We've come this far by faith: an examination of religiosity, psychological well-being, a need to belong, and a fear of negative evaluation amongst African Americans

Dana M Foster, Tennessee State University

Abstract

The focus of this study was to explore the relationships between a person's religiosity and the need for belonging, a fear or negative evaluation and overall psychological well-being. Additionally, this study sought to examine the effect of religion, a need for belonging, and a fear of negative evaluation on psychological well-being. The primary hypothesis for this study was that religion would directly predict psychological well-being, while a need to belong and a fear of negative evaluation would have variable predictive ability in relation to psychological well-being. It was also hypothesized that inverse relationships would be found between religion and a need to belong and direct positive relationships would be found between a need to belong and a fear of negative evaluation. The sample included 126 African American college students who attended Tennessee State University in the Spring of 2012. In order to obtain adequate information on religiosity, psychological well-being, a need to belong, and a fear of negative evaluation, a number of instruments were selected for inclusion in this study. Unique personal information was obtained through a demographics questionnaire. Results indicated that religion did not predict psychological well-being nor did a need to belong or a fear or negative evaluation. Additionally, weak relationships were found between a fear of negative evaluation and a need to belong and between intrinsic religion and a fear of negative evaluation. These findings were somewhat inconsistent with previous research. Limitations and recommendations for future research are suggested.^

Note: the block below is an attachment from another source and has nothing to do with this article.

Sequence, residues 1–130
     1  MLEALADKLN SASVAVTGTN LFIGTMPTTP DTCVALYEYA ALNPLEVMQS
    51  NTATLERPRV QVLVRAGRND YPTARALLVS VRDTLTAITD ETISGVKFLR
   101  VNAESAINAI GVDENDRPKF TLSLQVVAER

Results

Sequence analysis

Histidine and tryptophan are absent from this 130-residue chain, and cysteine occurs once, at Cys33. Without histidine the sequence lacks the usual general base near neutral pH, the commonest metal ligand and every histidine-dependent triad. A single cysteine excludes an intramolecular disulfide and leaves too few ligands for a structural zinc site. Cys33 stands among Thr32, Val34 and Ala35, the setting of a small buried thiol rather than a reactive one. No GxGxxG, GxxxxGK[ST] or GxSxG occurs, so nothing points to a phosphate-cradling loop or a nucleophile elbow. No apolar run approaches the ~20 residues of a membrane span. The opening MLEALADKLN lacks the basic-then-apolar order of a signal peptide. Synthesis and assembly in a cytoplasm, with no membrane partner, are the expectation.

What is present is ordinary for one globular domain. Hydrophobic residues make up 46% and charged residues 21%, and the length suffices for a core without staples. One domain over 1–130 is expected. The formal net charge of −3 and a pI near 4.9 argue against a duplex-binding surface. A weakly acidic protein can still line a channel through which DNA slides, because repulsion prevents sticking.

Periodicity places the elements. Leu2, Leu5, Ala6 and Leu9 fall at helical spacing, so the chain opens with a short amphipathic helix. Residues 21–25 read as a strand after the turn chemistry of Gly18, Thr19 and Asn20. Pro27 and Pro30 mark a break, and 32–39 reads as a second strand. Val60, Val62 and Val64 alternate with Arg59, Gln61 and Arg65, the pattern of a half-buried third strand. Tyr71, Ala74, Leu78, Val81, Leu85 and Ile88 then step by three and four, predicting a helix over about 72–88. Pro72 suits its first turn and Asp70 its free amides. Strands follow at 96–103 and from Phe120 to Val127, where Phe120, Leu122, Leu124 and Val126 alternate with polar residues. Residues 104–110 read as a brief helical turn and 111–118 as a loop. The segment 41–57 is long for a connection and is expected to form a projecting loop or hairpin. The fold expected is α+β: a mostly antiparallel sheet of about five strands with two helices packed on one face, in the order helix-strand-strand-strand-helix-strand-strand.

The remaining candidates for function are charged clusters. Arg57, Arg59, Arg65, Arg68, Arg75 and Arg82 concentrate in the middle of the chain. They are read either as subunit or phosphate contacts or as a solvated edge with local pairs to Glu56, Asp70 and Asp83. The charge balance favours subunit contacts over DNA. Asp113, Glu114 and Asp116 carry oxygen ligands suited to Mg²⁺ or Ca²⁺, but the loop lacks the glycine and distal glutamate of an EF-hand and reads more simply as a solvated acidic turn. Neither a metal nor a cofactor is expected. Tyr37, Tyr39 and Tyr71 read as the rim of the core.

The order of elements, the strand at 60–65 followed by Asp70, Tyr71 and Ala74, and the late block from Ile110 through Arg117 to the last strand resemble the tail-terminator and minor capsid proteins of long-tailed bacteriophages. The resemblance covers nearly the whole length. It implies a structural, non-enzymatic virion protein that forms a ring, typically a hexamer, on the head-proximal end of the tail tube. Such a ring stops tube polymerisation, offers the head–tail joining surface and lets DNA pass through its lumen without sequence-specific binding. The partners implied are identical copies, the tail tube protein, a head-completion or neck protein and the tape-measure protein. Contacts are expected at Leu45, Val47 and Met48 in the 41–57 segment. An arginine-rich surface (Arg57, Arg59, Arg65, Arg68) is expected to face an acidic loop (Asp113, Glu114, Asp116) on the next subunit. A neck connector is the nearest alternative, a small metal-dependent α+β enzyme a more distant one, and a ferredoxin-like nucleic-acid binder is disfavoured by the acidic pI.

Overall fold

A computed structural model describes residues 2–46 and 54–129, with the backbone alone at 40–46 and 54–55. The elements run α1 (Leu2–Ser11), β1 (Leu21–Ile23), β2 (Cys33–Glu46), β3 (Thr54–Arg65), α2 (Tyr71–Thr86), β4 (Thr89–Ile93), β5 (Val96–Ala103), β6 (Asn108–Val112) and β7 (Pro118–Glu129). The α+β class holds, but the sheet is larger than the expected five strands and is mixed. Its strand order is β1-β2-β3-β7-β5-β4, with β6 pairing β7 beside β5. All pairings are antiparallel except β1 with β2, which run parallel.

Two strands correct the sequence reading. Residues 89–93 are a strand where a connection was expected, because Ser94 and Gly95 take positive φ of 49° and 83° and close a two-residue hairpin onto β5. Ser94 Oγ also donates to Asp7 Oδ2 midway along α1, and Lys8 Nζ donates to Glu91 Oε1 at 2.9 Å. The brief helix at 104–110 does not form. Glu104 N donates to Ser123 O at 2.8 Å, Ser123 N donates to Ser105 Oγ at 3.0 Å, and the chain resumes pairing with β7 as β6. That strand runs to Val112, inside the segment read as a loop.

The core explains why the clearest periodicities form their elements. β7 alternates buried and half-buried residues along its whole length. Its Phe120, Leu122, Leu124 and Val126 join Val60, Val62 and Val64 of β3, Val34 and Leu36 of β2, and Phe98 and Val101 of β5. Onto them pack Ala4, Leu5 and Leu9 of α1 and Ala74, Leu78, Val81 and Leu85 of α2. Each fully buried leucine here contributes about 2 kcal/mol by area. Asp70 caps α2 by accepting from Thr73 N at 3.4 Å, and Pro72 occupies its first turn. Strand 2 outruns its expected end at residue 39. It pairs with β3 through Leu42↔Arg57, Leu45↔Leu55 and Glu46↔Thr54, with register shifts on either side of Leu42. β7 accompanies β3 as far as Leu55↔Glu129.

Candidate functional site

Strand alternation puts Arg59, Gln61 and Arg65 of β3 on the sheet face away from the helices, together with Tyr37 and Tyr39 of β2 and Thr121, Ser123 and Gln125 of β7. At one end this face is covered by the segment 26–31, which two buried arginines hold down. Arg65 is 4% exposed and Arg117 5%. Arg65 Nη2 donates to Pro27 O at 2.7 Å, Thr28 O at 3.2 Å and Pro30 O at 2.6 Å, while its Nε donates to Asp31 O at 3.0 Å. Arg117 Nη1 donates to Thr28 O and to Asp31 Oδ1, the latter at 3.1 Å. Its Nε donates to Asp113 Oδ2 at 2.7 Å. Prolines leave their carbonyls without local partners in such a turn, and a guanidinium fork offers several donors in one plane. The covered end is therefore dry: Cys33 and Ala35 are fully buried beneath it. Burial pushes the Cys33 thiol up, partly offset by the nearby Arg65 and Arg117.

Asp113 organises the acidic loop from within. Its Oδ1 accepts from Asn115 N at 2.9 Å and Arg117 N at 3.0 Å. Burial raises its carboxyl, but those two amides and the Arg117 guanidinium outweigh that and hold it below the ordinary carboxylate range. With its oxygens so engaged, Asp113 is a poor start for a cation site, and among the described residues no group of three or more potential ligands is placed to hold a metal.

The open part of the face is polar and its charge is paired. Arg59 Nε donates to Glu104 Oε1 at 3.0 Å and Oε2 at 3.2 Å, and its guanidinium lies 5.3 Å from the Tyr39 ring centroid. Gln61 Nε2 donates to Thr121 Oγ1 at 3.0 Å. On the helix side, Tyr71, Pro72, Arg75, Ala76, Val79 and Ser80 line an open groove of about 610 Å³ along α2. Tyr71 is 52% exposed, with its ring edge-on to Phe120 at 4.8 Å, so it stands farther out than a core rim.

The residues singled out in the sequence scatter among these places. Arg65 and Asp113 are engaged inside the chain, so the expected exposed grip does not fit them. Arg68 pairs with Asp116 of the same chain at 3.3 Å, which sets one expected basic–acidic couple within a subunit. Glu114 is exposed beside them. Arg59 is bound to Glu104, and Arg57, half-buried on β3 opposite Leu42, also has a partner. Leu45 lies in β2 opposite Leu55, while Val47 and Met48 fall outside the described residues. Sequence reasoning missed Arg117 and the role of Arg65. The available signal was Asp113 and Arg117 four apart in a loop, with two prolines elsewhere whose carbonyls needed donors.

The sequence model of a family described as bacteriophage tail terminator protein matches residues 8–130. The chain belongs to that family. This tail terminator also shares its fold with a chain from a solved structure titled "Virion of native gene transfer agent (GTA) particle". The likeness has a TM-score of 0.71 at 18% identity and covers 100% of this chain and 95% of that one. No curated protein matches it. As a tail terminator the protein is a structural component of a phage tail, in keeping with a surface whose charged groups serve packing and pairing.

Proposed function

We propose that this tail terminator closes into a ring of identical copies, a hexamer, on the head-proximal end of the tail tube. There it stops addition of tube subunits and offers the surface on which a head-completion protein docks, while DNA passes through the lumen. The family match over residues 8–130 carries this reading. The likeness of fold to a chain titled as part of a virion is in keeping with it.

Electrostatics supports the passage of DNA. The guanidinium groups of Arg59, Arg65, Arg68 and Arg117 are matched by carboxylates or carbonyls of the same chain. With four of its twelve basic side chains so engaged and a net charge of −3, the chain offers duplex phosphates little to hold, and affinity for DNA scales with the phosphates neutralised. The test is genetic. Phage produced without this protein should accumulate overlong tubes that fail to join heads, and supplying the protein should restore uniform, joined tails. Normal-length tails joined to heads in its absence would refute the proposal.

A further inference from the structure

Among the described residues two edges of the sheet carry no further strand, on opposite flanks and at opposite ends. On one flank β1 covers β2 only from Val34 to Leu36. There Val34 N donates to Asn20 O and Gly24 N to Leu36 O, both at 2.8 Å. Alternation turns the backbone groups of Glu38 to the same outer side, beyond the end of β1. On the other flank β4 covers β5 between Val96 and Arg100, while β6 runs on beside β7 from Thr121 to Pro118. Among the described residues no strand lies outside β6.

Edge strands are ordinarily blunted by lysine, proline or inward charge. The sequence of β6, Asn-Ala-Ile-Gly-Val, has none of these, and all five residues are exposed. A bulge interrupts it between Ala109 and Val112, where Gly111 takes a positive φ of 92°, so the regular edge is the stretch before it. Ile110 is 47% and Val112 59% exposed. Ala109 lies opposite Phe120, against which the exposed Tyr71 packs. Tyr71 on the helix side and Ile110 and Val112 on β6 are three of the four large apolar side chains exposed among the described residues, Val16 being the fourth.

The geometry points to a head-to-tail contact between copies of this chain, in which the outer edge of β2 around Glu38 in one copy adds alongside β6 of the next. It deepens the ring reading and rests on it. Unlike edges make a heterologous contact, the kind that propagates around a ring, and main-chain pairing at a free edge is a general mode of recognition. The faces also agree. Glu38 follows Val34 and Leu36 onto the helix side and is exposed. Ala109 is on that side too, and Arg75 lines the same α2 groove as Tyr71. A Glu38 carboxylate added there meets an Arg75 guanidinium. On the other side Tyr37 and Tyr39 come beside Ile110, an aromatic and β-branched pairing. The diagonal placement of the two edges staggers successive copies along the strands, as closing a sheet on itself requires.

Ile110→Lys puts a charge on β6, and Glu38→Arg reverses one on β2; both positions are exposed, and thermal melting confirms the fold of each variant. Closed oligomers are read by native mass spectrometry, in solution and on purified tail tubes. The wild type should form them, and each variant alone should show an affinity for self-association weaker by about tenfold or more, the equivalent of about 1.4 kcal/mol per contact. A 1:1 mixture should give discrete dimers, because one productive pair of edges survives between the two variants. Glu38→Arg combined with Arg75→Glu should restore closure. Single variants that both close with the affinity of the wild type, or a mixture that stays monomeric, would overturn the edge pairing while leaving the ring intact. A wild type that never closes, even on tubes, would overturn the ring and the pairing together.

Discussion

Subject Area

African American Studies|Religion, General|Psychology, Counseling

Recommended Citation

Dana M Foster, "We've come this far by faith: an examination of religiosity, psychological well-being, a need to belong, and a fear of negative evaluation amongst African Americans" (2012). ETD Collection for Tennessee State University. Paper AAI3540657.
http://digitalscholarship.tnstate.edu/dissertations/AAI3540657

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